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flower symbolism in Harry Potter books

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  • Kristen Brennan
    At the September Khazad-dum meeting the subject of flower symbolism in the Harry Potter books came up. Some of the secrets of Harry Potter books by authors
    Message 1 of 5 , Sep 14, 2004
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      At the September Khazad-dum meeting the subject of flower symbolism in the
      Harry Potter books came up. Some of the "secrets of Harry Potter" books by
      authors other than Rowling have suggested that Rowling uses the Victorian
      era's "secret language of flowers," associating characters with flowers to
      give us clues about their personalities.

      the original website where I read about this is currently down:
      http://charming-maiden.net/ravenclaw/flowersymbolism.html

      ...but here's some of the info as originally posted:

      Flower symbolism is particularly prevalent throughout the 'Harry Potter'
      series. As you may have observed, many characters and places are named after
      flowers, and even Fleur Delacour's French name is roughly translated to
      "Flower of the Court." Other examples of flower symbolism...

      [Arabella] Figg - The fig tree is a symbol of knowledge and balance. Though
      she is a squib, Mrs. Figg seems very knowledgeable about the wizarding
      world, as evidenced by her large role in protecting Harry during his time at
      the Dursleys.

      Lily [Evans/Potter] - The lily is a symbol of devotion, sweetness, and
      purity of heart. Nowadays there are many rumours circling regarding Lily's
      devotion [or lack thereof] to her husband, but I think JK named the
      character very carefully. This bit of symbolism proves that Lily was quite
      in love with James.

      [Remus] Lupin - The lupine is a symbol of imagination. Perhaps it is Lupin's
      imaginative teaching methods that make him the best Defense Against The Dark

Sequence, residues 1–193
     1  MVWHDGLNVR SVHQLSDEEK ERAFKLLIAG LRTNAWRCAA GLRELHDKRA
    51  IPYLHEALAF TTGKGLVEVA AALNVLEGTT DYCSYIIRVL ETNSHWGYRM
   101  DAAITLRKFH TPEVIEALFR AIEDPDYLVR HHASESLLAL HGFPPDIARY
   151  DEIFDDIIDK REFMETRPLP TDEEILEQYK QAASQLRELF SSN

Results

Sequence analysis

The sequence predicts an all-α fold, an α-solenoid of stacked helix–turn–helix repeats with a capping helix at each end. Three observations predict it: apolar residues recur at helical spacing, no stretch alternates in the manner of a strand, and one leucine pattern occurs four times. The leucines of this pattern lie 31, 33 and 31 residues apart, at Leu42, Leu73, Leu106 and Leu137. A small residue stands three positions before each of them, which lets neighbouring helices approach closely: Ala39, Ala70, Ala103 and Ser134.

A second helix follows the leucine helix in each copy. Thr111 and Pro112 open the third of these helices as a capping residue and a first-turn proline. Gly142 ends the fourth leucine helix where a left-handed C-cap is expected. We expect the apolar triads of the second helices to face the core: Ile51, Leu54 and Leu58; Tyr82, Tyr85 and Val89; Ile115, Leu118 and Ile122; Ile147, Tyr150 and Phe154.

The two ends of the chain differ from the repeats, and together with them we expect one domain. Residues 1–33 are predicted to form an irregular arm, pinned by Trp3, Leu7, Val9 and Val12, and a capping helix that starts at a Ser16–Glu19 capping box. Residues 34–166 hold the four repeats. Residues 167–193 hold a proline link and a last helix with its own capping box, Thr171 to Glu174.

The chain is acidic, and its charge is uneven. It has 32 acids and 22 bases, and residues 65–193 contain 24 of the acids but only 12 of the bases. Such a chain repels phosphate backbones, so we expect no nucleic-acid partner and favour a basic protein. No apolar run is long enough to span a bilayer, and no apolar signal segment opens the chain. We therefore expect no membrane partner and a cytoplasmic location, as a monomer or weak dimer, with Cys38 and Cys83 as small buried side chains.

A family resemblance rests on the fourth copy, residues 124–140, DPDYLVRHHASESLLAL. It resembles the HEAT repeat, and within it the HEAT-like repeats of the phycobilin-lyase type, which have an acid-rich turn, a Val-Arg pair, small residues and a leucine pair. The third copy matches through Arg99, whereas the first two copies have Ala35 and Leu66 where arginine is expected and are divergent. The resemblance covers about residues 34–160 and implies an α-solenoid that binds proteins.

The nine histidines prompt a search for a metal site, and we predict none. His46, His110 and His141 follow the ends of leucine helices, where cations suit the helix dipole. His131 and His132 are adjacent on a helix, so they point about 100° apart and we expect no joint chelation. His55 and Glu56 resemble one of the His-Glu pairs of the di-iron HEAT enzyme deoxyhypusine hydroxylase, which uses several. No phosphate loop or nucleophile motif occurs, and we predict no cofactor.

Arts teacher that Hogwarts has ever had.

      [Moaning] Myrtle - The myrtle is a symbol of virginity particularly
      prevalent in Christian lore. The Virgin Mary was sometimes represented by a
      myrtle. In her life, Moaning Myrtle was taunted by countless boys, so it is
      almost guaranteed that she died a virgin.

      Narcissa [Malfoy] - The narcissus is a plant that symbolizes egotism,
      formality, and vanity. These characteristics perfectly fit Draco's mother,
      who always seem to wear a snotty expression on her pretty face.

      Pansy [Parkinson] - The pansy is a symbol of thoughtfulness and trinity.
      Pansy does seem particularly obsessed with Draco Malfoy.

      Petunia [Evans/Dursley] - The petunia represents resentment and anger. It is
      also interesting to note that petunias emit a very foul odor. This seems to
      perfectly characterize Aunt Petunia, who, by many accounts, was highly
      jealous of her sister, Lily.

      Poppy [Pomfrey] - The poppy is a symbol of consolation. As the school nurse,
      Mme. Pomfrey offers kind words and consolation to all of her patients.
      [Except, of course, for Draco Malfoy!]


      ___________________________________________________________
      Kristen Brennan kristenb@...
      +1 (510) 717-4673 http://www.jitterbug.com
    • juliet@firinn.org
      ... I guess petunia odor is a matter of opinion. The flowers of especially old-fashioned varieties are supposed to be pleasantly fragrant. However, the
      Message 2 of 5 , Sep 19, 2004